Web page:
Boyfriend Material · Alexis Hall

***Satire about a wastrel who gets a respectable fake boyfriend to rehabilitate his public image, but finds himself falling in love for real.

I’ve always been a fan of Tom Sharpe, who wrote Porterhouse Blue. This British academic satire tells the story of Zipser, a graduate student at stubbornly medieval Porterhouse College. Zipser is writing his dissertation on the political significance of pumpernickel in sixteenth-century Westphalia, and when he’s not doing that he’s trying to get laid. Somehow he winds up with cartons of condoms in his room; fearing he might be accused of stealing them, he tries to get rid of the evidence by inflating them with gas from the grate and sending them up the chimney. The flue, however, gets clogged with flammable condoms; and when a guest lights the grate, the ancient tower explodes, taking poor Zipser with it.

If Boyfriend Material is anything to go by, Alexis Hall is something of a gay Tom Sharpe. This romantic comedy tells the story of 28-year-old Luc O’Donnell, who is wasting his youth drinking, hooking up, and working at the Coleoptera Research and Projection Project—acronym “definitely not CRAPP”—a charity devoted to the preservation of dung beetles. Luc is estranged from his father, a has-been minor rock star in mid-comeback, but his father’s fame is enough to get him in the London tabloids every time he misbehaves. Eventually Luc’s “public image as some kind of barebacking, coke-snorting, buttockless-trouser-wearing pervert” threatens his employment, and he resigns himself to getting a respectable fake boyfriend to rehabilitate his image. A friend sets him up with Oliver, “a cool, clean, modern-art piece of a man entitled Disapproval in Pinstripes,” who coincidentally needs a fake boyfriend to accompany him to a family reunion.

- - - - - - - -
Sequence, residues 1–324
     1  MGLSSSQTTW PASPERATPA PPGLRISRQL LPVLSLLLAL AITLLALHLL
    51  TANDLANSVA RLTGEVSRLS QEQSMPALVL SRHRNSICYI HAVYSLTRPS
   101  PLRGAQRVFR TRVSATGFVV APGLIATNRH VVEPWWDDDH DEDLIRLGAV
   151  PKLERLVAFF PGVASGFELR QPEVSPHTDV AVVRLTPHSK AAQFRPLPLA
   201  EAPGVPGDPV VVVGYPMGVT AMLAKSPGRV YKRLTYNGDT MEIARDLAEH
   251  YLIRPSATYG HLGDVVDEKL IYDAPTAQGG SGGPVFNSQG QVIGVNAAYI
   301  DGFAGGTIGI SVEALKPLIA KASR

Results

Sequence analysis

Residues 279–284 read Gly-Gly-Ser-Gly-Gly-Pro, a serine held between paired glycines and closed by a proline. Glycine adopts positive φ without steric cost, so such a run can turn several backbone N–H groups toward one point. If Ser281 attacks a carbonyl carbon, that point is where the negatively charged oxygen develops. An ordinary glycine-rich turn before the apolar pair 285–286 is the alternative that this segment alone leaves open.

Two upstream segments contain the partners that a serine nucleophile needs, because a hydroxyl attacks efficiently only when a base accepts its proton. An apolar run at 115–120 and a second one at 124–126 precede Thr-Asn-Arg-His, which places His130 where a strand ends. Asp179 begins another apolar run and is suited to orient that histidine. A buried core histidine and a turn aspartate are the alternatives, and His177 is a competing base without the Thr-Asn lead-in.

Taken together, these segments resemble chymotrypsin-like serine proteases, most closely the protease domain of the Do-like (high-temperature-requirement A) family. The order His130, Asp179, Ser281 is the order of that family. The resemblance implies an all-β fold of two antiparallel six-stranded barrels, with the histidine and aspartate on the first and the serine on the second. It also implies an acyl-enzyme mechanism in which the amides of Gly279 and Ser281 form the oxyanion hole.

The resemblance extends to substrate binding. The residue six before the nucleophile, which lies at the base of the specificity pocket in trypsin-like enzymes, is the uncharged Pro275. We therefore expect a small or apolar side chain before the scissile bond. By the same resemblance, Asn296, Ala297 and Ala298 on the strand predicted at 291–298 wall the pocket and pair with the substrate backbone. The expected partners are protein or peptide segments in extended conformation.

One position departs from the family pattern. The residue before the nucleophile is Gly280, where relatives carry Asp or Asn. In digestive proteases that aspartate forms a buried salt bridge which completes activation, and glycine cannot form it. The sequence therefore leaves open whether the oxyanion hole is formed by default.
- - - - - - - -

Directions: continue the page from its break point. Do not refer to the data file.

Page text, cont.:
Hall’s humor is not subtle, but it is funny. As narrator, Luc brings his sarcasm to bear on himself and a wide range of other subjects, including the English upper class, commercialism, Americans, politically correct do-gooders, and the 1990s. Luc’s colleague Alex Twaddle, “the biggest nitwit in the Home Counties,” takes him and Oliver to his club, Cadwallader’s: “Lurking discreetly behind a door just off St. James’s Street, it was made entirely of oak, leather, and men who’d been occupying the same arm chair since 1922.” Given the opportunity, the author shows he cannot resist an risque joke: At dessert, “Alex bounced in his seat like a poorly trained beagle. ‘I’m a dick man, myself. Thick and solid, and piping hot, and slathered in what the French call crème anglaise.’” He is referring to the English pudding spotted dick, often served with custard sauce.

Of course, the laws of the genre dictate that a fake relationship cannot remain fake for long. Luc and Oliver must dump each other a few times—and they do. Then, if it doesn’t end, the fake relationship must become real—and, in fits and starts, it does, with mutual apologies and professions of love. And “afterwards the sky was bright with new sunlight, pristine and blue and endless. And we sat on my doorstep, knees and shoulders touching, while Shepherd’s Bush stirred sleepily around us.” For an author who describes himself as a “genrequeer writer of kissing books” with titles like How to Bang a Billionaire, Boyfriend Material was a pleasant surprise and a very entertaining and funny read.

Alexis Hall: Boyfriend Material (Sourcebooks Casablanca, 2020) · Photograph of Big Ben at night by Bartlomiej Markiewicz/CC BY 3.0

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